A look at some of the pianos that have passed through the workshop! All necessary works are completed before being sold. This could be repairing, replacing and sometimes building new parts before meticulously re-attaching every piece of material, every screw and every component back where it should be.
Each piano has to be regulated. Regulation is the most important part of the process - Adjusting each and every part of the action to ensure it plays as well as it possibly can. There are around 10 measurements to adjust for each note, and each piano is different. If any of those measurements are incorrect, it could mean the piano either feels sluggish, has "bobbly" notes, or may not even play at all!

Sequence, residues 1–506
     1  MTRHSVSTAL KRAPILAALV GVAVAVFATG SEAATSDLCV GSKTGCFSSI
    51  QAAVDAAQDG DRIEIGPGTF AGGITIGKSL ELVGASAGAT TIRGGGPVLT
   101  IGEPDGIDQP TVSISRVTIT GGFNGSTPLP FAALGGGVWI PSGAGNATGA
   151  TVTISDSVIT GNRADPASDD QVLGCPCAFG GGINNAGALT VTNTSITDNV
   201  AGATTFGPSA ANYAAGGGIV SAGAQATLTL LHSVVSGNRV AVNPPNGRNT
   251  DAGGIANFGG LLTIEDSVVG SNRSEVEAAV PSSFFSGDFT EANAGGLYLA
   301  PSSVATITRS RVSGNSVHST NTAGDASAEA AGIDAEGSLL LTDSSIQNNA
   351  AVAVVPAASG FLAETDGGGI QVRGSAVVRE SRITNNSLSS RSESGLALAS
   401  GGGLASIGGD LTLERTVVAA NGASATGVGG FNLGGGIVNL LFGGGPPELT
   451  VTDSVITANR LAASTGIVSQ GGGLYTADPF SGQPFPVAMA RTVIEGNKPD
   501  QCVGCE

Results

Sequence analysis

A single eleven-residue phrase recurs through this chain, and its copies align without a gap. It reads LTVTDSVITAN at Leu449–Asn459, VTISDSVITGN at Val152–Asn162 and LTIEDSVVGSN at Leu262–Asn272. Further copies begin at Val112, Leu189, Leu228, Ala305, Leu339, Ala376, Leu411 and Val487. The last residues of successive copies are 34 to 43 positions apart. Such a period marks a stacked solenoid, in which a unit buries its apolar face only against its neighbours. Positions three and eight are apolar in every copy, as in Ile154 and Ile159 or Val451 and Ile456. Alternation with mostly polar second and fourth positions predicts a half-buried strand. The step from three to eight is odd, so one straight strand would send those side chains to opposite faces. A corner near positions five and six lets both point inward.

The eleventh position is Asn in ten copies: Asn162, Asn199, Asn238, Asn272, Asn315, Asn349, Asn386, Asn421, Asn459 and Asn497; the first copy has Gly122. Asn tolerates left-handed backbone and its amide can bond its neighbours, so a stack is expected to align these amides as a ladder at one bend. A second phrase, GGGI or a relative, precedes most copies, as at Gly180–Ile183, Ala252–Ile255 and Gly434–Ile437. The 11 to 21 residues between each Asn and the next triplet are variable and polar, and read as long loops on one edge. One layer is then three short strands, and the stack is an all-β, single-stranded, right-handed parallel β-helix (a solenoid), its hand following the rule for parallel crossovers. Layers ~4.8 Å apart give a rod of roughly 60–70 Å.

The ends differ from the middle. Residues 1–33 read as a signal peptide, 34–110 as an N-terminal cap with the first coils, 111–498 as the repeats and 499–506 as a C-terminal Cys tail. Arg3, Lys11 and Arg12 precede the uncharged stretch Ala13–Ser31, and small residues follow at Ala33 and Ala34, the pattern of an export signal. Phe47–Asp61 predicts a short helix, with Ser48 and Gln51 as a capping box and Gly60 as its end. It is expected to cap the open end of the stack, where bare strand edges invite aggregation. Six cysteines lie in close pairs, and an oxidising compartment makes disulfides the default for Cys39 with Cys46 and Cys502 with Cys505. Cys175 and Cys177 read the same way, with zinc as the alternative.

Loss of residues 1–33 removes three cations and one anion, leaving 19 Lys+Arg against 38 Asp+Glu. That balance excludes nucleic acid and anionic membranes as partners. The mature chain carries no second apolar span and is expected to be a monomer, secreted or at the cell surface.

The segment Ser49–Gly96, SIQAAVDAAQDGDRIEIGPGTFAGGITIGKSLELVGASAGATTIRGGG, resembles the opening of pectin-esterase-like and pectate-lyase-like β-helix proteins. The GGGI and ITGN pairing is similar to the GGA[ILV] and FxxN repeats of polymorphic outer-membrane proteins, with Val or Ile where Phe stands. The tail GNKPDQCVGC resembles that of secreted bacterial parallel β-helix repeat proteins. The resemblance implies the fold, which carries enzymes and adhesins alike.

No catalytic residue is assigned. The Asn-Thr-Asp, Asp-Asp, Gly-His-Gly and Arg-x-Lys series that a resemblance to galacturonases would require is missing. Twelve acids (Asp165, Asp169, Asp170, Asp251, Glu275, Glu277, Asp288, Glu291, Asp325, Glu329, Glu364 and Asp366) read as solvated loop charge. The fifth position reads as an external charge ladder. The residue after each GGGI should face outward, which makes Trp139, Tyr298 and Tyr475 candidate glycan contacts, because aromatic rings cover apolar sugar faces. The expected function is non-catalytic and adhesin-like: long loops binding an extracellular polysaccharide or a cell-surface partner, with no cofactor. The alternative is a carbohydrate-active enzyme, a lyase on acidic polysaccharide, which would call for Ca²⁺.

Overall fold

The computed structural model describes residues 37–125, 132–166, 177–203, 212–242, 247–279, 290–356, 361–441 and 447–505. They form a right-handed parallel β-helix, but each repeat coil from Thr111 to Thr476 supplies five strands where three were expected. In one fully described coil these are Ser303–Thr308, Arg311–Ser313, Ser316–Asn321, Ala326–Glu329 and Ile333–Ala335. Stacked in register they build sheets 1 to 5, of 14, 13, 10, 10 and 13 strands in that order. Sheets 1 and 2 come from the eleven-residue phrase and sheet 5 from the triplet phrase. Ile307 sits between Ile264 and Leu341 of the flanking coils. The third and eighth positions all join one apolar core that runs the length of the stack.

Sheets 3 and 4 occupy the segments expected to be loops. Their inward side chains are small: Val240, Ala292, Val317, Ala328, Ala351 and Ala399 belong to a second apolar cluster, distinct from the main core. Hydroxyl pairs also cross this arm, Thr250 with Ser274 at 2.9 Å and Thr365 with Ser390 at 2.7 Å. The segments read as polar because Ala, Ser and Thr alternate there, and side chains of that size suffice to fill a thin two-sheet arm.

After that comes the casework. The first impressions of a piano come from the casework, and most older pianos will be polished. However, it could be chipped, scratched or sun-damaged, all of which would need addressing. The piano may have to be stripped back with heavy duty paint stripper and dried. A good sand down is followed by staining, grain filling and polishing, building up layers until the piano looks as good as when it came out of the factory. Polyester casework can be chipped too, and both require repairing before going up for sale.